A few minutes later Ed and I set of walking very slowly to retrace Mums steps.  When we were about 200 metres beyond Jorgie’s house he called to us and we when turned to look at him he gesticulated for us to turn back.  Ed, nominated me to go back and said he would continue looking.  I headed back to Jorgie who held up to 2 keys which he thought might fit, sadly neither did.  We walked back up the lane and I said I had to catch up with Ed.  “Yes,yes” he said in Bulgarian, “moment, I’ll take you in the car”. “Oh! Ok, thanks” I beamed back at him 😄 He backed his ancient merc out of his drive and we set of in the direction that Ed had taken, at the next junction I indicated that Ed had turned left to which he replied “da, da” and something about seeing a Baba (elderly woman) first, puzzled I sat back.  “Magara” he said pointing out a donkey, “Margara, donkey” I dutifully replied.  He grinned at me and simply said “da”.  We pulled up outside a house and he indicated for me to get out and wait.  He opened the gate and called out to the owners, a lady appeared, Jorgie asked her something and she agreed and Jorgie indicated for me to follow him in.  The lady in the meantime had called out something to her husband who appeared holding a small pottery jug.  Ah, I thought, perhaps for some reason she may have key?  She indicated that we should sit, Jorgie chatted away in Bulgarian and mentioned my name, she turned and smiled at me and took my hand.  She then proceeded to empty out a load of beans on to the table, I had absolutely no idea why or what we were doing there and looked at Jorgie perplexed.  He smiled, motioned me to keep quite.  I turned back to the Baba and watched in fascination as she counted out a number of beans (41, I learnt later when I googled what I was about to witness) and put them into piles making a square composed of 3 rows and 3 columns, she then flicked away various beans from the different piles starring at them the whole time, then moved some around and removed some more.  After a few minutes, she said something to Jorgie, the only word I recognised was “doma” meaning home, and handed me 4 beans and closed my fingers round them.image  Jorgie passed her 2leva and we both thanked her (me still none the wiser as to what she had said or what I was supposed to do with the beans!).  When we were back in the car, Jorgie explained in Bulgarian and by tracing on his hand that the keys were not lost but somewhere on the property.  I went to open my hand but he stopped me, I got the impression that if I looked at them some how the magic would wear off.  I dutifully kept my fingers tightly closed over them, so much so that I soon had indents from my nails in my palm!  Back home we found Ed and he said he hadn’t found them.  “No” says I ” that’s because they are here in the garden!”  I proceeded to explain what I had witnessed and that the Baba said they were somewhere in the garden.  Neither mum nor Ed looked convinced.  Jorgie and I began searching the long grass along the path, I praying we found them as I have always been fascinated by tarot cards and the like and I really wanted the Baba to be correct!  We were soon joined by Jorgies wife, Baba Denka’s son and another passer by!  After an hour of searching, Ed strimmed  the grass down but still no keys could be found.  All the while I was grasping the beans in one hand!  We eventually gave up and everyone departed, I was disappointed to say the least but at the same time I felt extremely honoured to have had a glimpse into a side of village life that I suspect few foreigners know exists.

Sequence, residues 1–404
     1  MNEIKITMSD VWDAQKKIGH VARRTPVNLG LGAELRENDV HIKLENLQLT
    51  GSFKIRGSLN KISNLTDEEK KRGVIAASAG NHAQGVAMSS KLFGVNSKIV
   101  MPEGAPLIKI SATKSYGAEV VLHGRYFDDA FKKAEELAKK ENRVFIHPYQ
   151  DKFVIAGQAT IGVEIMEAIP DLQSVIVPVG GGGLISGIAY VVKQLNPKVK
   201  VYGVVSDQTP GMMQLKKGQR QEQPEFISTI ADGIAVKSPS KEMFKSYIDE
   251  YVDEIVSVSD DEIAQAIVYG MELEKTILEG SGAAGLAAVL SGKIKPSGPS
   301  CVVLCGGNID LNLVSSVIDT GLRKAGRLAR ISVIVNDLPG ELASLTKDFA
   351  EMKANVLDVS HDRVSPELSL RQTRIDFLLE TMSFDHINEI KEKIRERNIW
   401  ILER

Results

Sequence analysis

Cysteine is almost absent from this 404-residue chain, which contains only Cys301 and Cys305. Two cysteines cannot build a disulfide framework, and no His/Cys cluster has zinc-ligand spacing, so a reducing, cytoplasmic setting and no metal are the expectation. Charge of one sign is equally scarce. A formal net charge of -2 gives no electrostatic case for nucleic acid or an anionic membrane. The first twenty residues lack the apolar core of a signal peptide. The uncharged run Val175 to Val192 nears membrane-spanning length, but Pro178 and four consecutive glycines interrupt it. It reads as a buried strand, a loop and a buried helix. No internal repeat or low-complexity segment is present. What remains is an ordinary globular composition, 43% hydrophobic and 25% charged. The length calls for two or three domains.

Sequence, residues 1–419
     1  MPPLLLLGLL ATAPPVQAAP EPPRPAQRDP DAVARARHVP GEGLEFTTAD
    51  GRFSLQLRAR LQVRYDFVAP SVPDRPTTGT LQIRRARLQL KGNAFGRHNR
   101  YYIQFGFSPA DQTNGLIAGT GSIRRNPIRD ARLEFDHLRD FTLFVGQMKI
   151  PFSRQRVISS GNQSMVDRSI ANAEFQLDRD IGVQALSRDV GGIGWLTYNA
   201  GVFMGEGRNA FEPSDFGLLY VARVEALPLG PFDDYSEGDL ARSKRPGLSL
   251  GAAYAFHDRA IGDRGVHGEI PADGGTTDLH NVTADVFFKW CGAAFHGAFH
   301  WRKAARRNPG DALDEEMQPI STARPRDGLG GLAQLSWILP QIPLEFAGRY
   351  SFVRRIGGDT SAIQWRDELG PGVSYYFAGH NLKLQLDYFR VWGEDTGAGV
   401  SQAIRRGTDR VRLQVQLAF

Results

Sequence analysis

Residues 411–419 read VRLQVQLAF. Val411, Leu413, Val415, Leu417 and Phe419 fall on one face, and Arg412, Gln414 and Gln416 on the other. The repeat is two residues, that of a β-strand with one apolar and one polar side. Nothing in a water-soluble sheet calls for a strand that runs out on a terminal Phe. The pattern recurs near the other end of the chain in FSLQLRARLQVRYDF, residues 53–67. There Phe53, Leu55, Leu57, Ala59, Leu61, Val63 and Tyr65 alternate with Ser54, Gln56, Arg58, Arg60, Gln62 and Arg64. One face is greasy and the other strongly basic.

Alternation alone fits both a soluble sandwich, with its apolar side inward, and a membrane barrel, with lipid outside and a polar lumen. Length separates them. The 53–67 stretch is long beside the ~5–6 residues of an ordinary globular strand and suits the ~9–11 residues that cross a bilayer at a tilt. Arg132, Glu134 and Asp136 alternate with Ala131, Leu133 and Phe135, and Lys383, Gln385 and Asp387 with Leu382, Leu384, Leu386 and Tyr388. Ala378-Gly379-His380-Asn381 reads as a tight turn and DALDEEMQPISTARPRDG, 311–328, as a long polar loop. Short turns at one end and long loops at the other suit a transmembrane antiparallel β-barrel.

Ed and I headed into Dobrich to find a locksmith, an hour later we had the door open and a new lock fitted (with 3 keys) and all for 55 leva about £22! 🤗.